The list of Padres center fielders even includes Tony Gwynn, who won National League Gold Glove and Silver Slugger Awards in 1989 while playing more than half the season in center field.
It was easily the toughest position to narrow down to a top five list. My honorable mentions included Cito Gaston, Ruppert Jones, Derek Bell,Cameron Maybin and Will Venable (who played only 259 games in center).
My Top Five Padres center fielders:
1. Steve Finley (1995-1998)
Finley was the near-perfect blend of speed and power. In four seasons with the Padres, Finley hit .276 with 134 doubles, 28 triples and 82 home runs. He also stole 85 bases. So, he averaged 20.5 homers and 21.3 stolen bases per season while also winning three Gold Glove Awards and being named to the 1997 All-Star Game. Finley was the center fielder on the 1998 team that won the NL pennant. As a Padre, Finley also had a .334 on-base percentage and a .458 slugging percentage. The slugging percentage is the highest by any center fielder who played as many as two full seasons for the Padres. Finley drove in 298 runs and scored 423 runs as a Padre. The 126 runs he scored in 1996 is the highest single-season total in Padres history. He hit .296 in 1996 with 195 hits, 45 doubles and 30 home runs. Finley ranks 10th on the Padres' all-time list in runs scored, although he played at least two fewer seasons in San Diego than anyone else in the top 10. His slugging percentage is also the ninth-highest mark ever by a Padre. Finley's WAR as a Padre was 8.6. Finley and third baseman Ken Caminiti came to San Diego from Houston in the same blockbuster 12-player trade on Dec. 28, 1994. Finley was lost to the Arizona Diamondbacks as a free agent after the 1998 season.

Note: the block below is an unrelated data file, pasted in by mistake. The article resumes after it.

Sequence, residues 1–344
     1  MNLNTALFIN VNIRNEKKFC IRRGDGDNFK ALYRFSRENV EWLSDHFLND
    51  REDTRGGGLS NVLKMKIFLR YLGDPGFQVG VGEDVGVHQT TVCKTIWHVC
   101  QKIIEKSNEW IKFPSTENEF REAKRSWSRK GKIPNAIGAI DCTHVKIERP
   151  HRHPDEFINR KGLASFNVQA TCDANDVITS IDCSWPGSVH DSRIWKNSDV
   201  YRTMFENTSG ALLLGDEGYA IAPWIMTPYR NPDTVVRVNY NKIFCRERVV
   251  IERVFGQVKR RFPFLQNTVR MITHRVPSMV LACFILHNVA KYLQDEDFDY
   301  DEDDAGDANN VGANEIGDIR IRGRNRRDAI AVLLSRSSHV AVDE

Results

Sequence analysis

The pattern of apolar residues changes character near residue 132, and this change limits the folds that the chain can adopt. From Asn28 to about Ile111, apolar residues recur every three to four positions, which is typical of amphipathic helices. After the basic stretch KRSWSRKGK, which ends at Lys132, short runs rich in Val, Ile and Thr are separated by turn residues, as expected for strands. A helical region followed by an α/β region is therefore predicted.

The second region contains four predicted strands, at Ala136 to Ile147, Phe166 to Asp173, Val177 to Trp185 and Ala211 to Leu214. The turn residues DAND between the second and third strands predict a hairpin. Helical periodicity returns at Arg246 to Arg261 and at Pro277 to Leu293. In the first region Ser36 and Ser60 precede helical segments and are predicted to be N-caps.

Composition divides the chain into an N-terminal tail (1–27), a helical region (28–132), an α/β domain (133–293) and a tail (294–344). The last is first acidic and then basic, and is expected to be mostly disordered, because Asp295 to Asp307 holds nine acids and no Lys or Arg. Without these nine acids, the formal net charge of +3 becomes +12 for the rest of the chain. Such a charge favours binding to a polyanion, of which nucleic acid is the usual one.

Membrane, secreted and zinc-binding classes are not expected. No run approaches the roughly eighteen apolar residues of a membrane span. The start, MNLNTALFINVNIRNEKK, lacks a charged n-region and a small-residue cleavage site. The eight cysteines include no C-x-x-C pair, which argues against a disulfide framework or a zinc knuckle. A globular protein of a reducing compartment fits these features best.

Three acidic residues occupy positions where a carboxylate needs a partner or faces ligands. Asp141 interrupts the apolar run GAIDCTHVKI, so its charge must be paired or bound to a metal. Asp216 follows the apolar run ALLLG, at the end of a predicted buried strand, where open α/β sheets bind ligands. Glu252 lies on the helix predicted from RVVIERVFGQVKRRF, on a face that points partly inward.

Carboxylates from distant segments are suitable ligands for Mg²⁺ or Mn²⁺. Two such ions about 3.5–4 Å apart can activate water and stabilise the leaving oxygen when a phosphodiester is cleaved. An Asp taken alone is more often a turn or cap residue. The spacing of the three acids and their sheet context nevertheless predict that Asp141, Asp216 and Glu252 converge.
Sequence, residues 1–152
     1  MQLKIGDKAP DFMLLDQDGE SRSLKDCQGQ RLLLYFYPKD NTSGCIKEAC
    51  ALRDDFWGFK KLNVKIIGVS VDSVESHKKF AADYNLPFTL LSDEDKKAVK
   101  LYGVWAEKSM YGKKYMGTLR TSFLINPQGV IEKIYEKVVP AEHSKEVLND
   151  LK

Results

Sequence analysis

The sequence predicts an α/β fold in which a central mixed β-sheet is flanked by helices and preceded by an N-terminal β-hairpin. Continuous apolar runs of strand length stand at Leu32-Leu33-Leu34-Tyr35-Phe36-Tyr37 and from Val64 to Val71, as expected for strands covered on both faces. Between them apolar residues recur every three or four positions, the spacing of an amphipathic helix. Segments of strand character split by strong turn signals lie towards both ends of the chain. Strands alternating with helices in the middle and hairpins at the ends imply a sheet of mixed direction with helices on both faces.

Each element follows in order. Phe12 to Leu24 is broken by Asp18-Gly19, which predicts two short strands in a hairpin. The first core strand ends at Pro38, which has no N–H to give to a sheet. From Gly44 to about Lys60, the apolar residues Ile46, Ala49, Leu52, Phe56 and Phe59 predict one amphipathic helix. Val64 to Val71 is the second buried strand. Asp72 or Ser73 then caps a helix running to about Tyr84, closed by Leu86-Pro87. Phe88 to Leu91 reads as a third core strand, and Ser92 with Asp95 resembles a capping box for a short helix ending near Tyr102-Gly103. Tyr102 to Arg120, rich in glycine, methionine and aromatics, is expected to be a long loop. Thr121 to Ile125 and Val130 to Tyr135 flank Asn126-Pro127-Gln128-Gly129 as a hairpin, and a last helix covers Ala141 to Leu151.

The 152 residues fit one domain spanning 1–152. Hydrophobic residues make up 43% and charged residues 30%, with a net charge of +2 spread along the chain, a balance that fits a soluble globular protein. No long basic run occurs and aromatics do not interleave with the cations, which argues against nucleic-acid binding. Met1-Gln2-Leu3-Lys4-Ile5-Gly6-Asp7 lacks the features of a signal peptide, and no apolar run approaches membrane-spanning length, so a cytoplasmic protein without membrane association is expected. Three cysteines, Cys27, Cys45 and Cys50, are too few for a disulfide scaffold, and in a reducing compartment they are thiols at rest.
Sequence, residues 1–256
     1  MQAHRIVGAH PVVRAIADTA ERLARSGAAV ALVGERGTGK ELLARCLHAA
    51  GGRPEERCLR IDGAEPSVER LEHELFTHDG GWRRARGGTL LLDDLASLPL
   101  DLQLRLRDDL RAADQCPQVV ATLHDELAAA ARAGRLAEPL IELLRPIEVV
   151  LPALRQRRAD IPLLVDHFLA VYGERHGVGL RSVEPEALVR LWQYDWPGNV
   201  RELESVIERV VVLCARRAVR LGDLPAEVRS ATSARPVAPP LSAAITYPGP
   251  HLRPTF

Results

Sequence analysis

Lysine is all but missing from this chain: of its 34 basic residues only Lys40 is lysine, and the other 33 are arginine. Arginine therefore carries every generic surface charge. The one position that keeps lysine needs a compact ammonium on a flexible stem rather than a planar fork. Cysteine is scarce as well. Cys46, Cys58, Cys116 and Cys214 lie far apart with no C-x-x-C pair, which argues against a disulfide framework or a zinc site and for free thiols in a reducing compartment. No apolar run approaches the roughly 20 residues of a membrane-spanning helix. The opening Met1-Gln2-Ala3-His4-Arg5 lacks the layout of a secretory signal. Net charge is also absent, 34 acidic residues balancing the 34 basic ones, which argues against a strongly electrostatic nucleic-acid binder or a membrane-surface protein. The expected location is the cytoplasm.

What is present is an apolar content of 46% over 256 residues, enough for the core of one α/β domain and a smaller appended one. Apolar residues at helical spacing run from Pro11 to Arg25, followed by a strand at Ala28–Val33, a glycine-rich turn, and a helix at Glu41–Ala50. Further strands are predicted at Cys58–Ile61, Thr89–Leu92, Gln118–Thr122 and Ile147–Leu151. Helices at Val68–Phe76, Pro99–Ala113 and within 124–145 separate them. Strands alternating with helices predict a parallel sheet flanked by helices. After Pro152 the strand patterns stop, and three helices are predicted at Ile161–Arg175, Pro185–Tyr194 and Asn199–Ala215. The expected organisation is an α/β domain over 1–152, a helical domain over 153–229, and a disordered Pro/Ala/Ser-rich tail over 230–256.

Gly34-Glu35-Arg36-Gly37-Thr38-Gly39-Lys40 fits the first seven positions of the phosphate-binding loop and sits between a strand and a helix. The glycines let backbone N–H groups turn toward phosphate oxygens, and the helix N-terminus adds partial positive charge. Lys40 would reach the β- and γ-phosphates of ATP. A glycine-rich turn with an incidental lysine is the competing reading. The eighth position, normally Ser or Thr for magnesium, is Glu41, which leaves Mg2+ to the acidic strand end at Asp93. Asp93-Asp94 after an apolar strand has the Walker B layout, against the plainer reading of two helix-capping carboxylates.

2. Kevin McReynolds (1983-86)
Like Finley, McReynolds was the center fielder on a Padres team that won an NL pennant. The Padres' first-round pick in the 1981 draft (sixth overall), McReynolds made his Major League debut with the Padres on June 2, 1983, at the age of 23. In three-plus seasons with the Padres, McReynolds hit .263 with a .319 on-base percentage and a .438 slugging percentage. He had 84 doubles, 17 triples and 65 home runs with 260 RBIs and 233 runs scored in 496 games. Because he played 39 games in 1983, McReynolds wasn't eligible for the NL Rookie of the Award in 1984. But he finished 17th in MVP voting after hitting .278 with 20 homers and 75 RBIs during the Padres' run to the NL title. Like Finley, McReynolds was a blend of speed and power. McReynolds' 12.4 WAR was the highest by any Padre who spent the majority of his playing time in center. On Dec. 11, 1986, the Padres traded McReynolds to the New York Mets for outfielders Shawn Abner and Stan Jefferson and third baseman Kevin Mitchell.
3. Mike Cameron (2006-2007)